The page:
Despite my companion’s spaced-out delivery, what she was saying struck home with me, because I’d been pondering that same sentiment myself, and for a long while. Rather than expound upon it, I’ll let the above exchange stand, as insubstantial as it is. And punctuate it with this Ernest Hemingway quote from “The Sun Also Rises”:

“How did you go bankrupt?”
“Two ways. Gradually, then suddenly.”

Because I have a feeling that this is just how this zeitgeist will work itself out.

by Costa Tsiokos, Sun 09/19/2010 09:42pm
Category: Pop Culture, Society
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Friday, September 10, 2021

comfortably nullAfter much anticipation, I tore through Bret Easton Ellis’ “Imperial Bedrooms”, the sequel to his very first novel, “Less Than Zero”.

Then, I read through it a second time, at a more languid pace.

Sure enough, I came away with the same feeling both times upon story conclusion: I wanted to throw up. But in a good way.

So, job well done, Mr. Ellis.

Actually, not so well done. I realize that there are impossible expectations in following up an iconic work like “Zero”, but still, “Bedrooms” has a distinctly incomplete feel to it. It’s generally a stripped-down narrative, mostly devoid of Ellis’ typical descriptive depth.

And portions of it seem disjointed, especially the opening convention: That the “Zero” book and movie were fictional constructs, based on the “real” Clay and his cohorts. It would have been an interesting premise, yet Ellis largely abandons it as soon as it’s introduced. What replaces it is a lot less satisfying: Clay’s obsession with a manipulative would-be starlet, which doesn’t feel authentic enough to motivate the book’s subsequent events.

Still, the author’s imprimatur is still present. A sense of dread hangs over the story as Clay’s true nature is revealed. His self-confessional in the book’s final paragraph brings it home, and makes clear that the boy from “Zero” grew up into a twisted cipher (not-so-subtly underlined by his lack of a last name, whereas other returning characters had acquired theirs).

There’s plenty here to satisfy fans of the original, right down to the “moving the game as you play it” veiled reference (from the opening pop cultural song lyric in “Zero”). “Bedrooms” is a welcome revisit to a terrain that you wish you could avoid, but have to explore despite your better judgment.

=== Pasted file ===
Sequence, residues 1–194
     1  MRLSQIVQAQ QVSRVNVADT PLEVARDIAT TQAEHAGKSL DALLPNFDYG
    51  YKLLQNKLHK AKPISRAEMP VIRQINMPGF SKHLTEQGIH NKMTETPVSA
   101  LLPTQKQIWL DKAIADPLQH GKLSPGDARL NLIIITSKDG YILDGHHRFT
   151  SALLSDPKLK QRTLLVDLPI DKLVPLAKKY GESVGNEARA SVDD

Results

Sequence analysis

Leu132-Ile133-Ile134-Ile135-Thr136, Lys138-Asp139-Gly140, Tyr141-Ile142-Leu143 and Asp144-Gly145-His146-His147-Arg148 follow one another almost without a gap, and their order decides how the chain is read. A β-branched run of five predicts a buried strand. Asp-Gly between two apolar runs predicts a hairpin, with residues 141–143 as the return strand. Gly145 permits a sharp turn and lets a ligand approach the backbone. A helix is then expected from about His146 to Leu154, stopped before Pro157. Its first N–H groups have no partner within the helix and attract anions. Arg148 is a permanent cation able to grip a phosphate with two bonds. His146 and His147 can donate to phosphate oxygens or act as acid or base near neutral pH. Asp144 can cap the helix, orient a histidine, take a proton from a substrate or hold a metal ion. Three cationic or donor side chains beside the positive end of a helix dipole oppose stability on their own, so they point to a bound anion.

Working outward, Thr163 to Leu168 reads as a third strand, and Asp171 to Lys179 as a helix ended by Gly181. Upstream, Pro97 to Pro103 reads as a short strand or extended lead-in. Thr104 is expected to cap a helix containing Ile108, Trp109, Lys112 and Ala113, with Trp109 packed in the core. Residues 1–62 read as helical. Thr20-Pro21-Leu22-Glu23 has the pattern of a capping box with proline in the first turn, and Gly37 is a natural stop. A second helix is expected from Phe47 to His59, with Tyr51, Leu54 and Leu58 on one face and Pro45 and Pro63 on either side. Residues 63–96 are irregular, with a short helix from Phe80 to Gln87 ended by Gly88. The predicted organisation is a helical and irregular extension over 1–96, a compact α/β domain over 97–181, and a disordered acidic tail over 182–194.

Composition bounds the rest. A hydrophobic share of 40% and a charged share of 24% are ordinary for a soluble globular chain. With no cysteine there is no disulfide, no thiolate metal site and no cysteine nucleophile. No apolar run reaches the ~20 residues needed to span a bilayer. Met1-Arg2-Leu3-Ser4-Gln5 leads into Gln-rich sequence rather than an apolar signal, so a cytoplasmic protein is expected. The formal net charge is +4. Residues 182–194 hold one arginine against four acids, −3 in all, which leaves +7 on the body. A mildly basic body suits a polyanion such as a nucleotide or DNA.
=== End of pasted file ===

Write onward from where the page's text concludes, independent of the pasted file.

by Costa Tsiokos, Fri 09/10/2021 10:47am
Category: Book Review, Pop Culture
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Tuesday, September 07, 2021

Does “Bed Intruder Song” represent the future of popular music’s creative process?

The song’s source material could not have been more unlikely: A local TV news report from Huntsville, Ala., about an intruder who climbed into a woman’s bed and tried to assault her.

But with some clever editing and the use of software that can turn speech into singing, the Gregory Brothers, a quartet of musicians living in Brooklyn, transformed an animated and angry rant by the victim’s brother into something genuinely catchy.

The resulting track, “Bed Intruder Song,” has sold more than 91,000 copies on iTunes, according to Nielsen SoundScan, and last week it was at No. 39 on the iTunes singles chart. Its video has been viewed more than 16 million times on YouTube.

And to top it off, the song was No. 89 on Billboard’s Hot 100 chart for the week of Aug. 20, ranked among singles by Katy Perry and Usher. The chart takes into account sales and radio play as well as online streaming.

“It’s not easy to get on that chart,” said Silvio Pietroluongo, director of charts at Billboard. “There are plenty of decent radio songs that don’t reach the sales chart.”

I dunno. This feels like a fluke to me. It’s not the first time that current events inspired music of the moment, and it won’t be the last. I’m guessing this sound-modified, Internet-sourced raw material will peter out, much like other gimmick musical genres did in years past. Same goes for Cee-Lo’s “Fuck You” viral.

by Costa Tsiokos, Tue 09/07/2021 11:56pm
Category: Creative, Internet, Pop Culture
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Saturday, September 04, 2021

Over the course of my lifetime, I’ve seen enough reruns of “M*A*S*H” to have the following impromptu drinking song from the “Alcoholics Unanimous” episode seared onto my brain:

Come on in!
Take off your skin!
And rattle around in your bones!

[repeat]

I was always curious about the origin of this little ditty. It doesn’t seem that unique at first glance, but it’s a catchy little knee-slapping snippet, almost mantra-like.

A little research yielded a surprising background to these lyrics: They’re based on a 1920s dancehall number by Edgar Leslie and Walter Donaldson, that was later re-composed by Tom Waits. The original chorus:

‘Tain’t no sin
To take off your skin
And dance around in your bones

At root, a skeletal refrain. In which case, I’d rather rattle than dance…

by Costa Tsiokos, Sat 09/04/2021 07:12pm